Anne Lamott
Monday, Nov. 29, 7 pm
In Imperfect Birds Anne Lamott (Rosie, Operating Instructions, Bird by Bird) continues the story of Rosie, an accomplished Marin high school student and athlete who is also a serious substance abuser. She taps into teenage drug culture to create a vivid, unsettling portrait of a family in crisis and reminds us it’s not a good idea to be best friends with your child. Tkts: $10 – $20

Introducing Pulp History — Never before told tales of real heroism
Thursday, Dec. 2, 7 pm
Written by Salon editors David Talbot and Gary Kamiya and illustrated by internationally recognized underground artists Spain Rodriguez and Jeffrey Smith, this new Pulp History series pulls together the best parts of comic books, popular nonfiction, and graphic novels in an irresistible new format. Writers and illustrators show how Churchill’s top-secret Organization was created to sabotage and subvert Hitler, and much more. Tkts: $10 – $20

French/Jewish luncheon with Joan Nathan The Queen of Jewish cooking
Tuesday, Dec. 7, noon
The Hayes Street Grill, 320 Hayes St.
Joan Nathan has written ten cookbooks including the acclaimed Jewish Cooking in America, and hosts a PBS series of the same name. Her latest book focuses on Jewish cooking in France. She takes her fans inside kitchens of Paris, Alsace and the Loire Valley and examines the influences of Sephardic Jewish immigrants, whose flavors and elegance have infiltrated contemporary French cooking. Tkts: $50 – $65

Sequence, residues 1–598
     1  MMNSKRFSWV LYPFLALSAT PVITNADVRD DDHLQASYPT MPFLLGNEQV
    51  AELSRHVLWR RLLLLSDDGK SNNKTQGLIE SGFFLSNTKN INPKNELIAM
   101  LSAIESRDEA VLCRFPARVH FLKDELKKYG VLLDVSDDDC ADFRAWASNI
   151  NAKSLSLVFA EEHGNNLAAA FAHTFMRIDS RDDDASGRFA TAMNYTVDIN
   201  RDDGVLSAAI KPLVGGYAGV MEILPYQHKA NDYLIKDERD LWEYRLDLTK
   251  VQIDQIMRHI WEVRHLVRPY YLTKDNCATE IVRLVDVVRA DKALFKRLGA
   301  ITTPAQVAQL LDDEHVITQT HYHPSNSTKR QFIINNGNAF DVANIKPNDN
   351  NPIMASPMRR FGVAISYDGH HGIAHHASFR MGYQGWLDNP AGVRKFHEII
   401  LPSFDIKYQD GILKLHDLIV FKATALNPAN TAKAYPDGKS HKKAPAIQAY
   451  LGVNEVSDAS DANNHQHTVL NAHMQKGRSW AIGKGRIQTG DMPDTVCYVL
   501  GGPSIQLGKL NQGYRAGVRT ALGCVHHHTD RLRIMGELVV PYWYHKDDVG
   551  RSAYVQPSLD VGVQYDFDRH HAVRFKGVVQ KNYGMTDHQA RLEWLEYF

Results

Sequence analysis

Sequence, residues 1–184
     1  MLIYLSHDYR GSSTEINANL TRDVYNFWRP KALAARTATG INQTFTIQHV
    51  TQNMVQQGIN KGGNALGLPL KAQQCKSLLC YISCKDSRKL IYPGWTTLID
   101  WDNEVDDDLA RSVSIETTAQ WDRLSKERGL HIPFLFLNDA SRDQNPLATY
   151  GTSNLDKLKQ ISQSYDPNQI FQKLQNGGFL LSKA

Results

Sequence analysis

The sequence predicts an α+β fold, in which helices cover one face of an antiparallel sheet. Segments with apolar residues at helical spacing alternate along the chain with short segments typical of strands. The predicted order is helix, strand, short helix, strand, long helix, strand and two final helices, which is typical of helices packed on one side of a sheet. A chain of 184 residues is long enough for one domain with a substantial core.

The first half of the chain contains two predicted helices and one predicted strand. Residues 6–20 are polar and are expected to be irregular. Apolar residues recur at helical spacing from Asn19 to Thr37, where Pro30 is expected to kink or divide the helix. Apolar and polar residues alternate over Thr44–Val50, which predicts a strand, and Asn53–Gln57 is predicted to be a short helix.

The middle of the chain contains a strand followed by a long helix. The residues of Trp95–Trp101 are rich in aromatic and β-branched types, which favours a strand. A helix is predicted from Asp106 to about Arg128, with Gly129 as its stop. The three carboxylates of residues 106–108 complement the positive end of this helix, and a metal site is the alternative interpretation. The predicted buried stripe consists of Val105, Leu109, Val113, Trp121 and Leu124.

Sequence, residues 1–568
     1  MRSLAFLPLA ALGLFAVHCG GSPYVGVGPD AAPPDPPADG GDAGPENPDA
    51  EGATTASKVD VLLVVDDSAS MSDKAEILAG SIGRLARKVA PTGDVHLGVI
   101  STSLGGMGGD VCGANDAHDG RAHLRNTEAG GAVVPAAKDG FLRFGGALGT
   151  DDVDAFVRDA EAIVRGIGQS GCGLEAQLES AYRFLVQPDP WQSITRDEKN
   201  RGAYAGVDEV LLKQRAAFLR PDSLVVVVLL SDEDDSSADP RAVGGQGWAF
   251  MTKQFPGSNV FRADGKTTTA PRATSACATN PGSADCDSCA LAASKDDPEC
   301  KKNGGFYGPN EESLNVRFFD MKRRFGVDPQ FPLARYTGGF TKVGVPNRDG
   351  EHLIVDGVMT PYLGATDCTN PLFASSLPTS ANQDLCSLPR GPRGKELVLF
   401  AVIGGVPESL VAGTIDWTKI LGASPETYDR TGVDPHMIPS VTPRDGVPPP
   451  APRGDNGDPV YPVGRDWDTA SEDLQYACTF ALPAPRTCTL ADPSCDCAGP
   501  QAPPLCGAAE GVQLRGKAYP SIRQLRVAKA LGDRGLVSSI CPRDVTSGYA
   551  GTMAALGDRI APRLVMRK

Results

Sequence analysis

Mary Roach
Tuesday, Dec. 14, 7 pm
Best-selling author Mary Roach (Stiff and Bonk) explores the irresistibly strange universe of space travel and life without gravity. How much can a person give up? Is it possible for the human body to survive a bailout at 17,000 miles per hour? How much weirdness can one take? Roach takes us on a surreally entertaining trip into the science of life in space and space on Earth. Tkts: $10 – $20

The Man Who Killed Pluto
Thursday, Jan. 13, 7 pm
Mike Brown, a professor of planetary astronomy at Caltech, is the self-described geeky scientist who, in his effort to discover the tenth planet, ended up demoting everyone’s favorite planet, Pluto, resulting in a firestorm of public outrage. Brown introduces complex scientific concepts and gives a moving, funny, and engaging first-person perspective on what it was like to discover a planet only to lose it in the process. He inspires us to think more deeply about our place in the cosmos. Tkts: $10 – $20